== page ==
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March 27, 2012 4:35 PM   Subscribe

Do the strategies in "Why Men Love Bitches" really work? I'm almost at my wits end in the dating scene. I'm not clingy or anything of that sort but I could use a little help in self-preservation. Is there a proper way to use the tactics in the book w/o too much manipulation?
posted by InterestedInKnowing to Human Relations (31 answers total) 8 users marked this as a favorite
 
I think that any manipulation is too much manipulation.
posted by sugarbomb at 4:39 PM on March 27, 2012 [37 favorites]


if you replace "the strategies in "Why Men Love Bitches"" with "the strategies in most PUA books" i think you'll have your answer.
posted by cupcake1337 at 4:41 PM on March 27, 2012 [1 favorite]


Do they work? Yeah, kinda. They seem to work better for some people than others, depending among other things on what their goals are.

Is there a proper way to use them? If by 'proper' you mean something like 'ethical,' I don't think you'll find any consensus on that.
posted by box at 4:44 PM on March 27, 2012


The best thing I've seen on the goal of "scenarios and advice aimed at making women subtly stronger and self-empowered" (Amazon's description of "Why Men...") is Baggage Reclaim. I'm a straight man & many of the lessons there are for women to deal with crap men dish out (and how to spot it in the first place), but many others are gender-neutral exhortations to work on self-esteem and standing up for yourself.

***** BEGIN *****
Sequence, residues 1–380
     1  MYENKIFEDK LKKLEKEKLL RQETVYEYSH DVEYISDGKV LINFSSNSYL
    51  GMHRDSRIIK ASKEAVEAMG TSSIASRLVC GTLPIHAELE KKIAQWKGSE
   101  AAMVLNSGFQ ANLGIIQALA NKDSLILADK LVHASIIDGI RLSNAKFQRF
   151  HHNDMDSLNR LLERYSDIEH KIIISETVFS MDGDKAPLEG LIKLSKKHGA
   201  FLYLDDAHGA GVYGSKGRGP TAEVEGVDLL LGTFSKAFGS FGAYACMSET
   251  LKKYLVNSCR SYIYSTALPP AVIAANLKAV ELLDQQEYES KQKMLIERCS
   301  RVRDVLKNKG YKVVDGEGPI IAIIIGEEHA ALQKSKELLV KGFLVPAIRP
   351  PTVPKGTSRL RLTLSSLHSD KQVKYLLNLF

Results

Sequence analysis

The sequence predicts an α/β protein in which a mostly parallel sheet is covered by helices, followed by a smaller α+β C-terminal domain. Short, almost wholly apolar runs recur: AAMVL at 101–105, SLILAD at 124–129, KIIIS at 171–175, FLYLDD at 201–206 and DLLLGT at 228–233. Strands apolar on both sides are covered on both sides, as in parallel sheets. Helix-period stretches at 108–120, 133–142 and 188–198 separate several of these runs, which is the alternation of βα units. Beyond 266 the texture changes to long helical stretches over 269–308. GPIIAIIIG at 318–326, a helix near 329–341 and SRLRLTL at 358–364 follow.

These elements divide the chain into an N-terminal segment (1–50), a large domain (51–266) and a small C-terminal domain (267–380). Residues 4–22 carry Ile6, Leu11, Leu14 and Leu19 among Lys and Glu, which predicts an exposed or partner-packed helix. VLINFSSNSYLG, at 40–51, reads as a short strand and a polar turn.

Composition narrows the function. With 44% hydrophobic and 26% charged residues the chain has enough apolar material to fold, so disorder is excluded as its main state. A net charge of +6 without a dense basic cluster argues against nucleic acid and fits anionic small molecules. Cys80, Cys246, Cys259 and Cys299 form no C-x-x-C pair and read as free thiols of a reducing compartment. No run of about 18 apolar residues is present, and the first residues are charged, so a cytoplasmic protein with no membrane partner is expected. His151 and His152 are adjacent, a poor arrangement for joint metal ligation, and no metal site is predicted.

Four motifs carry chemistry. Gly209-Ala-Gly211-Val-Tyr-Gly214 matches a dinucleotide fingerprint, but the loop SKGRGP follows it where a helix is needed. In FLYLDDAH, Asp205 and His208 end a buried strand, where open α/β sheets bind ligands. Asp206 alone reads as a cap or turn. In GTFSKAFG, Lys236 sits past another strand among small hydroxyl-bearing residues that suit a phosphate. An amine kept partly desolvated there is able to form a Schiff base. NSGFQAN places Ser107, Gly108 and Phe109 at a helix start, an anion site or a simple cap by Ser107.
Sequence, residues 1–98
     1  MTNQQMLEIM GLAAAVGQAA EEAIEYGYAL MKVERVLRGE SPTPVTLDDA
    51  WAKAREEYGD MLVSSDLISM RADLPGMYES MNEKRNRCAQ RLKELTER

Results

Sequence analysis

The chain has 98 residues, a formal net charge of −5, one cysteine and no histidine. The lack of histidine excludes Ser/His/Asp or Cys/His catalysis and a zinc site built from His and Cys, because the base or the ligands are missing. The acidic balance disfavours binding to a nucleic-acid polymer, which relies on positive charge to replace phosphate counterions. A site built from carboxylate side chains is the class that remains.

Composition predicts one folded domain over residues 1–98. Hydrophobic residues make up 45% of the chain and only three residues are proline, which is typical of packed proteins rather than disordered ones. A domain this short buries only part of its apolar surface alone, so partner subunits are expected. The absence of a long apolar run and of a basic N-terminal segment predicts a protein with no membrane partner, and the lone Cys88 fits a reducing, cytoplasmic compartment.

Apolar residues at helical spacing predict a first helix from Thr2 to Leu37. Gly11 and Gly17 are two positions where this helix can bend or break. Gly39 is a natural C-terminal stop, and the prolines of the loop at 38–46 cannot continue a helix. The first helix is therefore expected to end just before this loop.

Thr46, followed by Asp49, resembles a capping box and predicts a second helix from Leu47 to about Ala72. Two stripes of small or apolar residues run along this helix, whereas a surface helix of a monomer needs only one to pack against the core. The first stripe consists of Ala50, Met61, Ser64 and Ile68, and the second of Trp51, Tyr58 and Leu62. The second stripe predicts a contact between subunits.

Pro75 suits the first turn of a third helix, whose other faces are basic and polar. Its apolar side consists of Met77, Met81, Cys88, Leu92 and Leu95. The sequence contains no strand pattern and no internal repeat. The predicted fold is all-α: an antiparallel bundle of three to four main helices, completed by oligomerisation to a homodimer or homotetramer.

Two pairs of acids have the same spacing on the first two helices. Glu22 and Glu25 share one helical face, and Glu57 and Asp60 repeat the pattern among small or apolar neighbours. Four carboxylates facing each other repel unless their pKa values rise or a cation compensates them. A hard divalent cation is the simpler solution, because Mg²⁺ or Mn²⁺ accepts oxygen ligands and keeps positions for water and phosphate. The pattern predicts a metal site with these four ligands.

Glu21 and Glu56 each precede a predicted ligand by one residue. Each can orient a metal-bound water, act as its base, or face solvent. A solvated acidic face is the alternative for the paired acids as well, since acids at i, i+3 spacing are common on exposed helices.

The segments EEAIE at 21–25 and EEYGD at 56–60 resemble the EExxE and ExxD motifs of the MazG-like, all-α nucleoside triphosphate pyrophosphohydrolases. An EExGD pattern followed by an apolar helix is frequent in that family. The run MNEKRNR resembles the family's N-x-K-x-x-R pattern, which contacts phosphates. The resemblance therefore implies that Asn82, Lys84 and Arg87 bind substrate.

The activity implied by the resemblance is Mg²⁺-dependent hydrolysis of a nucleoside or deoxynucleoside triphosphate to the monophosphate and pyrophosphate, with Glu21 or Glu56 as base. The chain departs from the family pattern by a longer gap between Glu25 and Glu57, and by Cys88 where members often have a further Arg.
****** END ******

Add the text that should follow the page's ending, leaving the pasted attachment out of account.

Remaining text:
Example: How To Spot Emotionally Unavailable Men
posted by morganw at 4:51 PM on March 27, 2012 [7 favorites]


Yes, if you want to attract the kind of man who loves bitches. If you want to attract a man who will love you, I'd try acting like you.
posted by Rock Steady at 4:56 PM on March 27, 2012 [40 favorites]


I've just browsed WMLB on Amazon, but I'm gonna go with oh Jesus Christ no. I mean, inasmuch as the book seems to encourage good self-esteem and taking care of yourself, who wouldn't agree that, even if there happen to be guys who'd prefer otherwise, you should aim at that. But I must be missing the part where it suggests being thoughtful and altruistic while needing to be cherished are also good things. The best book I can think of that's similar enough to be helpful is How to Win Friends and Influence People, which although it sounds manipulative and self-serving has a lot more to do with understanding other people's needs and how to meet them genuinely and well in conversation.
posted by Monsieur Caution at 4:57 PM on March 27, 2012


This kind of thing might be a salutory lesson in where the other edge of the spectrum is if you're currently a doormat.

I would point out that Ms. Argov, though she has certainly made enviable boatloads of money from her book, was single the last time I heard an interview with her where the interviewer pressed her on the question. Not that there's anything at all wrong with being single, in my opinion, but that's not the argument of her book, and she didn't sound happy about it. Perhaps her strategies have worked better for her since.
posted by Sidhedevil at 5:00 PM on March 27, 2012 [4 favorites]


Sure they work, if you are looking for guys who like the thrill of the chase.